“You can always call 7-Eleven about anything. I was so nervous to do my finances. She walked me through step-by-step how to read my reports. She’s been a blessing,” Evelyn said.
Evelyn said that the hard work has been worthwhile for how it will keep her close to her family, unlike her former career that kept her away for months on end.
“It’s very fulfilling seeing my store full of people. I know that I put in way more hours, running my own business,” Evelyn said. “But you know what? I don’t deploy. I go home every day.”
Opening her own franchise has been a beacon for Evelyn’s family. They visit her on Sundays; her brother Danilo is planning to move to Virginia to work with Evelyn, and her son David, an Army veteran, is considering opening his own store in nearby Suffolk.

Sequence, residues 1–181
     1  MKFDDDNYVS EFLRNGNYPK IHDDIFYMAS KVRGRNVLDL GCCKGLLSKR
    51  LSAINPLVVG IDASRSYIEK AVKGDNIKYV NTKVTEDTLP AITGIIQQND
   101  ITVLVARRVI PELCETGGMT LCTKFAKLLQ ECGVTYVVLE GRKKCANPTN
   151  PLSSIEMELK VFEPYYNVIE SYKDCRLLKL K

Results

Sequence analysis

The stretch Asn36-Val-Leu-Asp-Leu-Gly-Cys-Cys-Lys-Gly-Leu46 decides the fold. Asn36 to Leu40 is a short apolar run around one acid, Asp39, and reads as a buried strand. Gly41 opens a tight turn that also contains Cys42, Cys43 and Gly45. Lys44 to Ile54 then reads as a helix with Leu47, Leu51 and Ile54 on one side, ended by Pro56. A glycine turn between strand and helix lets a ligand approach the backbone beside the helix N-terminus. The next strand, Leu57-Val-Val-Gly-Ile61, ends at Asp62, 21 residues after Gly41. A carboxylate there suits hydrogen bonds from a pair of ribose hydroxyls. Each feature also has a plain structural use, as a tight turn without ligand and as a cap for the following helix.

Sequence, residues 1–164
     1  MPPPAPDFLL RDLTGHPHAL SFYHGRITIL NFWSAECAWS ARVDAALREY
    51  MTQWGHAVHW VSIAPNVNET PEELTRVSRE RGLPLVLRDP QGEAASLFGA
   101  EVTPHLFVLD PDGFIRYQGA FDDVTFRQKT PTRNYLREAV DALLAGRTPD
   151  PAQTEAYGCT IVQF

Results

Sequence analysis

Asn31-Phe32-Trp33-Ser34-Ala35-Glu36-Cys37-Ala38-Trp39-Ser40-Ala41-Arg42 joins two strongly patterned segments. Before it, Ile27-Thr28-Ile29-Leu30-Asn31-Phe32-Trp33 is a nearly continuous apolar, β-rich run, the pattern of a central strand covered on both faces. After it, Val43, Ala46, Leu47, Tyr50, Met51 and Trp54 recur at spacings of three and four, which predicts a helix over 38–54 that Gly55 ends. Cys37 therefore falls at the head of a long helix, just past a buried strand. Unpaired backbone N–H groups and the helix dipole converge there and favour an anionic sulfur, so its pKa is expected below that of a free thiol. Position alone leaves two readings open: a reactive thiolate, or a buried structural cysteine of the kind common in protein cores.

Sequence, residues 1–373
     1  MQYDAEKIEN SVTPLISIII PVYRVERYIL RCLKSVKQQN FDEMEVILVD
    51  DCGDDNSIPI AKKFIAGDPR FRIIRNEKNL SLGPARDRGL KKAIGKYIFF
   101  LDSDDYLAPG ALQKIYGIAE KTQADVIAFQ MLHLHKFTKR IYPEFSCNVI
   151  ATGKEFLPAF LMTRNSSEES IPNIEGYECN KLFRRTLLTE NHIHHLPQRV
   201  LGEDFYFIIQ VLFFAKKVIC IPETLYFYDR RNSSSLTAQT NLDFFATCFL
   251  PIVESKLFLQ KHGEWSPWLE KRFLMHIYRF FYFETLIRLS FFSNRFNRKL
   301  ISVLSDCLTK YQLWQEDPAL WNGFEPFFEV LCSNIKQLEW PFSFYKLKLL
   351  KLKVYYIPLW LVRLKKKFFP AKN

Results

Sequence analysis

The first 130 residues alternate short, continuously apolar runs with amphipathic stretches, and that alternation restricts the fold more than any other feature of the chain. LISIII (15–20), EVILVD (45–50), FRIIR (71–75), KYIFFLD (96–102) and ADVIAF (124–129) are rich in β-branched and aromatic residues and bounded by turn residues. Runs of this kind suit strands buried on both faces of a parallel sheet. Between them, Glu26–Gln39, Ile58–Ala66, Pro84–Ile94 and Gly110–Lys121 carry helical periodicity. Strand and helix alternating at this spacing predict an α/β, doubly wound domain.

Her granddaughter Lilah, 6, has pitched too. The store is “like a second home” to her and she’ll finish her homework in the back office and then pick up a mop–which is bigger than her–and get to work. Evelyn said that a customer noticed her mopping skills and gave the young girl a dollar.
Just like her own family and friends rallying behind Evelyn to support her dream, 7-Eleven has become part of her family too. The company is ready at a moment’s notice to help her secure her legacy.
“I’m living the dream,” said Evelyn. “I’m getting all of the support that I need from 7-Eleven,” Evelyn said. “You’re not alone, that’s a good thing about this. They’re always there when you need help.”
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7-Eleven launched the 2018 Women’s Franchise Giveaway Contest, called “W.E. Take the Lead,” on March 5. Click here for more information on how to enter the contest and explore franchising opportunities.